Any given technology is best understood through three lenses at once:

These lenses can be summarised in terms of their key sources:

  • The business case for customers: whitepapers, advertisements, and the front page of the product’s website.
  • The official developer experience: technical documentation, tutorials and blog posts from developer advocates.
  • What it actually is: third-party blogs, technical specifications (if available), and hard-won first-hand experience.

The default for the hacker is to focus on “What it actually is” or, more specifically, “What can I make it do?” But for IT consultants this is not enough. We need to understand the customer…

Photo by Leo Rivas on Unsplash

A powerful way of bringing information into your Terraform configuration, but one which must be used with care

A data source in Terraform is a lot like a resource, but it only implements the “read” operation. So what does that actually mean? Let’s take a walk.

It’s like a query

Well, that was a short walk. A data source is a query, a means of getting data from the outside world and making it available to your Terraform configuration, perhaps to use in an input attribute of a resource or a submodule.

Take for example a Terraform configuration like the following (borrowed from the doco):

data "azurerm_role_definition" "example" {
name = "Contributor"

output "contributor_role_definition_id" {
value =

This can…

There comes a point, early in every infracoder’s journey, when they start to experiment with modules in Terraform. The power! The convenience! The reusability! Then, a little later in that journey, comes the point where they curse Mitchell Hashimoto to hell and back because those modules, well, they were not quite as modular as we had perhaps assumed.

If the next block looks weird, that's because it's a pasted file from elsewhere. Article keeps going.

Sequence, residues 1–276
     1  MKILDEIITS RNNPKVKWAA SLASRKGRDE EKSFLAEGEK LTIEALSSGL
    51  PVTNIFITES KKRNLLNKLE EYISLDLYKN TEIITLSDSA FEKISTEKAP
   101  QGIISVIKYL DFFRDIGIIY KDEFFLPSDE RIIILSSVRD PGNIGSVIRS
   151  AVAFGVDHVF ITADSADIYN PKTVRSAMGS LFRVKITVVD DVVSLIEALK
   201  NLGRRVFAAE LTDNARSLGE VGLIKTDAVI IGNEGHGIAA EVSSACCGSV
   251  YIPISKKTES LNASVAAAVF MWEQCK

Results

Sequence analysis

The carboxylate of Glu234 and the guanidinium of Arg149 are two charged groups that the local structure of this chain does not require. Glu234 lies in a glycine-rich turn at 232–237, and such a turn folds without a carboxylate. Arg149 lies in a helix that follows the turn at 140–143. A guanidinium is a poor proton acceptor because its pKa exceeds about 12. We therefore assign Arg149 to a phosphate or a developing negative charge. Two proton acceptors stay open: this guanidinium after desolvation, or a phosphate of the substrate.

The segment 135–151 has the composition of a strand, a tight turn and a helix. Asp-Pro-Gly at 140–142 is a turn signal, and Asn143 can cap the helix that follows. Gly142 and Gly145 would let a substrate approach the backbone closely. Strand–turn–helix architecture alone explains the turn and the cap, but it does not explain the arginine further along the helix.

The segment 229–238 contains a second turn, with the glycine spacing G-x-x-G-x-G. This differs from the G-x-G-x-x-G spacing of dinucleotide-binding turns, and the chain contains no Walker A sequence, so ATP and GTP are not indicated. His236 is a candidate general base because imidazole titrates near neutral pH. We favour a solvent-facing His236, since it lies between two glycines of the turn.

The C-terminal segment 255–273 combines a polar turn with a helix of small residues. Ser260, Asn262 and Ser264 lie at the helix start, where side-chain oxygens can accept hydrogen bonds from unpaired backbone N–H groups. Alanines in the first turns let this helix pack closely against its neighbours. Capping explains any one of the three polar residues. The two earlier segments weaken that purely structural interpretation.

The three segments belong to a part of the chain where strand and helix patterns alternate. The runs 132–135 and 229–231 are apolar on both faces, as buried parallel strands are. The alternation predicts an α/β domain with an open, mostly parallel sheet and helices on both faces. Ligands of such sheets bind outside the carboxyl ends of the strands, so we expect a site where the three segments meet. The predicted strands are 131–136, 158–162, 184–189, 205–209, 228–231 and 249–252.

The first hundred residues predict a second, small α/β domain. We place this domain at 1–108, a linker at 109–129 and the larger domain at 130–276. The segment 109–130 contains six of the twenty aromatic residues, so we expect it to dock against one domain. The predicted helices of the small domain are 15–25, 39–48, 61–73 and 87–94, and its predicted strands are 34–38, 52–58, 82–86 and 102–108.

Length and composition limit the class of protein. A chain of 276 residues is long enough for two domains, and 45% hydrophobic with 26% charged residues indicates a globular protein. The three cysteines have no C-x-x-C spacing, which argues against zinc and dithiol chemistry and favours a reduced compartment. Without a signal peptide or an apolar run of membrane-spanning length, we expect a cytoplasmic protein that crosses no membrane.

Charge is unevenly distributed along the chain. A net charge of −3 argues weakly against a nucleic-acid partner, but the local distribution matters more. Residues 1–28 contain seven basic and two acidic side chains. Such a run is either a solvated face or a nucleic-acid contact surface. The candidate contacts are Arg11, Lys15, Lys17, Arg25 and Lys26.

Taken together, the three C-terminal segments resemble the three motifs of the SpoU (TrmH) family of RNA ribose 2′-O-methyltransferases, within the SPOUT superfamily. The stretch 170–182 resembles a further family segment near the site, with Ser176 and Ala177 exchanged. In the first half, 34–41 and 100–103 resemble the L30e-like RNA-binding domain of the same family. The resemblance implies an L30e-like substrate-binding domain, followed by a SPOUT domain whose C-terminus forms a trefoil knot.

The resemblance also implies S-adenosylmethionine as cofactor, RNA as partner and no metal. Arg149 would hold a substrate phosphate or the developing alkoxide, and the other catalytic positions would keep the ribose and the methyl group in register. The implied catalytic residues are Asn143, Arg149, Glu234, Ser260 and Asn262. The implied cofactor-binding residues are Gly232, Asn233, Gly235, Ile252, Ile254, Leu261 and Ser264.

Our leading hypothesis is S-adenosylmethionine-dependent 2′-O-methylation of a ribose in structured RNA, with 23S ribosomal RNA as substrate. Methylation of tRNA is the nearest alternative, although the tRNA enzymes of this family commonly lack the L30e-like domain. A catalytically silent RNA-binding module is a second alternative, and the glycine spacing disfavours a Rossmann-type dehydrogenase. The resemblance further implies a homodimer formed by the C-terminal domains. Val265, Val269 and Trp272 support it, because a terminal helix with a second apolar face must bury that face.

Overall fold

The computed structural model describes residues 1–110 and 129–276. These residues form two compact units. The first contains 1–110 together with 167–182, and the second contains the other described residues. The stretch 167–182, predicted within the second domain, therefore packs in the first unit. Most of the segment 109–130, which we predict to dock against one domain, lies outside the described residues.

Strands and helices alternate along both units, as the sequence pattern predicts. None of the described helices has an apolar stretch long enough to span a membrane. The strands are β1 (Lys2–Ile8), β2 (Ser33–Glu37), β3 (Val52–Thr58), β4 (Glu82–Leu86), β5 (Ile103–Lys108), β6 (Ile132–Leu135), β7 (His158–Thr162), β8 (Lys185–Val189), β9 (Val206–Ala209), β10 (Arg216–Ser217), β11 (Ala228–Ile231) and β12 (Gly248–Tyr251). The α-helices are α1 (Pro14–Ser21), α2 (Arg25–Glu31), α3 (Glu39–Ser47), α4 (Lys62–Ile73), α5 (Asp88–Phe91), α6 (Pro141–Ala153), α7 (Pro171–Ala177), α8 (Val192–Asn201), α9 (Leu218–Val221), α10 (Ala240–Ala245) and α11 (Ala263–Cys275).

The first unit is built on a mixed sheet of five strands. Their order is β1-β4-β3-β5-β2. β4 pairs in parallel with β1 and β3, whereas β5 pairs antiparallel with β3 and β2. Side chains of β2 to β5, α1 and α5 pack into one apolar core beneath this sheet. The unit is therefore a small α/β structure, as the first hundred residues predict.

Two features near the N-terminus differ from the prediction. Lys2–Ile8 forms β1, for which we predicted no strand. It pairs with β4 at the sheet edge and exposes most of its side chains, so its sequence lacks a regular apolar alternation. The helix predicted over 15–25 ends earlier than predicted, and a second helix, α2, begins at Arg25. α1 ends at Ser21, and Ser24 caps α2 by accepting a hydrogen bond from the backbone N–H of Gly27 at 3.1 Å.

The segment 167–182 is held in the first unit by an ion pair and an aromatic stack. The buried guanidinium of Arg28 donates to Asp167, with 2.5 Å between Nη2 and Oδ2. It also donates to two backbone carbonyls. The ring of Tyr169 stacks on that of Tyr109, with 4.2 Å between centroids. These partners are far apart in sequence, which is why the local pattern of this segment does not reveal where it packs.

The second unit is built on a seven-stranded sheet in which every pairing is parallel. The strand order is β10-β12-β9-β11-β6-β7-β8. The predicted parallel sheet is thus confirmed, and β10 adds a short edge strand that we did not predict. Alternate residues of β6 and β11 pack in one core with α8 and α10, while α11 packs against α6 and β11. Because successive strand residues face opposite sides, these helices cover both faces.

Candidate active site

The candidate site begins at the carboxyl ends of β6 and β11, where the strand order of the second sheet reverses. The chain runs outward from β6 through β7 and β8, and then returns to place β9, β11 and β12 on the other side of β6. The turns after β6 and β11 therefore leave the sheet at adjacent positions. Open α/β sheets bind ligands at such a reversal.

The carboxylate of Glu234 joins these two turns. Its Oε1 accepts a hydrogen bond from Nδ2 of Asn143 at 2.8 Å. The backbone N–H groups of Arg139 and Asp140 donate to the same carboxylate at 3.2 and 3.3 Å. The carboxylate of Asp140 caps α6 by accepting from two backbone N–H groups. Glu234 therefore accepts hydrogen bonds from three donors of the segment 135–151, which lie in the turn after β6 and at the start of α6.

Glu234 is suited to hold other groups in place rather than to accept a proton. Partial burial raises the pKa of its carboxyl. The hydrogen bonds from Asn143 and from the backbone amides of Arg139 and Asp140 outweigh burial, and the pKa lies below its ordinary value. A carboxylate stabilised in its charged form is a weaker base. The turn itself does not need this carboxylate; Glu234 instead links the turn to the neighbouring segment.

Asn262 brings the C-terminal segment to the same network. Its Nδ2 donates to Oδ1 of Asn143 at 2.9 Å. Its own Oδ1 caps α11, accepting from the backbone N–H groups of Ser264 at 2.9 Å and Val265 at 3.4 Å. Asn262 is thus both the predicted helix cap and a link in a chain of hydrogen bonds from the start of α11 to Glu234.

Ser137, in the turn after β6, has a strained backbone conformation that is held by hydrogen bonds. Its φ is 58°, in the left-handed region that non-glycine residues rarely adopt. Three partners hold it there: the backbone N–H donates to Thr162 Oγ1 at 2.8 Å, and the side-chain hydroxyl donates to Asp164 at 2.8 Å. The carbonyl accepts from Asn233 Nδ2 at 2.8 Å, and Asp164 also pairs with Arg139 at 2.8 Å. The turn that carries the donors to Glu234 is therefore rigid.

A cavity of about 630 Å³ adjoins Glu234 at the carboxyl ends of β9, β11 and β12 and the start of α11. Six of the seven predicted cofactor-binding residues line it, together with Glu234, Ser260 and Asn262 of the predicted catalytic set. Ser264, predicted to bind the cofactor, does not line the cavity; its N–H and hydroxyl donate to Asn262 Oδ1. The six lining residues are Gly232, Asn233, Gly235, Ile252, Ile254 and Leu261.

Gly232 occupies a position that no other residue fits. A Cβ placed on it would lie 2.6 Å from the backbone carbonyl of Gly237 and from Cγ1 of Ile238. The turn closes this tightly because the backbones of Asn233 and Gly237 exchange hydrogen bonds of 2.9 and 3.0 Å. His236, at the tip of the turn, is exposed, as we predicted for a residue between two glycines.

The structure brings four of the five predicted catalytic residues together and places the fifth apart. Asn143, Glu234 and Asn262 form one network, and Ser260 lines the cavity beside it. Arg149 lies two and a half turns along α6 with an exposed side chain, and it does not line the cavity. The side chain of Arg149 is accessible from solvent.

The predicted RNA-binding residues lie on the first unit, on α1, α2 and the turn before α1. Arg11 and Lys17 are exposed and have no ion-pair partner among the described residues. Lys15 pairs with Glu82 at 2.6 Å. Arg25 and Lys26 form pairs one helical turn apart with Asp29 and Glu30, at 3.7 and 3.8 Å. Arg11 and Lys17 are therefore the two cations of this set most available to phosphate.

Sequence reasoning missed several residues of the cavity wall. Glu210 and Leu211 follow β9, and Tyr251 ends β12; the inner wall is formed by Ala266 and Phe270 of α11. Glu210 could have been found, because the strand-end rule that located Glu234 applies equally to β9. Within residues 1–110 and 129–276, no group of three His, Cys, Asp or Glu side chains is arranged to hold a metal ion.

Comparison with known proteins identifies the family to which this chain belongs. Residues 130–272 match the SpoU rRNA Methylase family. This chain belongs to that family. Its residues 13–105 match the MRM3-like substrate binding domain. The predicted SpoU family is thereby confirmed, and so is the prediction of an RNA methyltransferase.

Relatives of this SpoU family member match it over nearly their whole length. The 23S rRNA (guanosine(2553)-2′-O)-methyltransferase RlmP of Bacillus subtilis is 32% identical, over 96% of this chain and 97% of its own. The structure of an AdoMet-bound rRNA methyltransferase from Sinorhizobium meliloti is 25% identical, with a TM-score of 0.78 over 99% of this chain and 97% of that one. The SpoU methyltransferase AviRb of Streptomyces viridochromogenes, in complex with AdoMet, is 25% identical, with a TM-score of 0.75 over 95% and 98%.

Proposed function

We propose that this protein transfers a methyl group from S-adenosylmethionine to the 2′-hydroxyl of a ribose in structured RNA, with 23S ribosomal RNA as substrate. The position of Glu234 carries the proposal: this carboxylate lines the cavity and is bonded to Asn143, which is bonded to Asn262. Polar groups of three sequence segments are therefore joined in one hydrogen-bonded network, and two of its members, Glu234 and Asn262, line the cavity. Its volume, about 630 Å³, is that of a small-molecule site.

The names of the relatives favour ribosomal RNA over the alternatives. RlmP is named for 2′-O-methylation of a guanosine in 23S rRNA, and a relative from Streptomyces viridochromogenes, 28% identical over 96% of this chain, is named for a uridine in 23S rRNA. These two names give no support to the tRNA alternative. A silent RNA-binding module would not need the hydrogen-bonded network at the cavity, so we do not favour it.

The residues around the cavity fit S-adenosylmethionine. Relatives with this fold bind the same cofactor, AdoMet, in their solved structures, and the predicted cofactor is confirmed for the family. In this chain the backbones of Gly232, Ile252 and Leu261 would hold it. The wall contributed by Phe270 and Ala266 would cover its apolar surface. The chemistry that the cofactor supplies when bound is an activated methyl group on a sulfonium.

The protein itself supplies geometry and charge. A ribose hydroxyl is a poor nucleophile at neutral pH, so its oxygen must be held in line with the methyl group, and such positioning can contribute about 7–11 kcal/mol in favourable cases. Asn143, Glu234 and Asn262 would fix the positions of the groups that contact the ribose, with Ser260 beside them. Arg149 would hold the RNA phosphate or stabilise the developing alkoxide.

The purpose of this post is to explore this definition found in the Terraform documentation:

Modules are containers for multiple resources that are used together.

The most important thing about Terraform modules is the thing that isn’t in that sentence. …

There is an old story about a bunch of people who each describe a completely different animal, but it turns out they are all talking about the same elephant, each from different perspectives. So it is with Azure when viewed through the various lenses of the Azure portal, the Azure Resource Manager API and the azurerm Terraform provider. Fortunately, I have some good tips for cajoling the big blue elephant into giving up its secrets, so you can automate everything in Terraform the way it should be.

Photo by Glen Carrie on Unsplash

Microsoft is well-known for its commitment to backwards compatibility. For example, to this…

When you are developing an in-house application such as an ecommerce web app or a data pipeline, and adopting DevOps practices, the question can arise as to where CI/CD scripts should live: in the repo with the application source code, or somewhere else?

Broadly, you need to separate the “software” product from the “service” product, at least conceptually.

Even if your software product only has customer (you), failing to draw a proper boundary around it will bite you later.

The “software” product, which clearly does live in the app repo, should contain:

  • build scripts, whether they be Dockerfiles, Makefiles, Azure Pipelines YAMLs or whatever build system you require or support for putting the software in a distributable form and placing it…

Pat Conheady

"Wow, what a hack, that will never work" is usually a sign you are heading in the right direction

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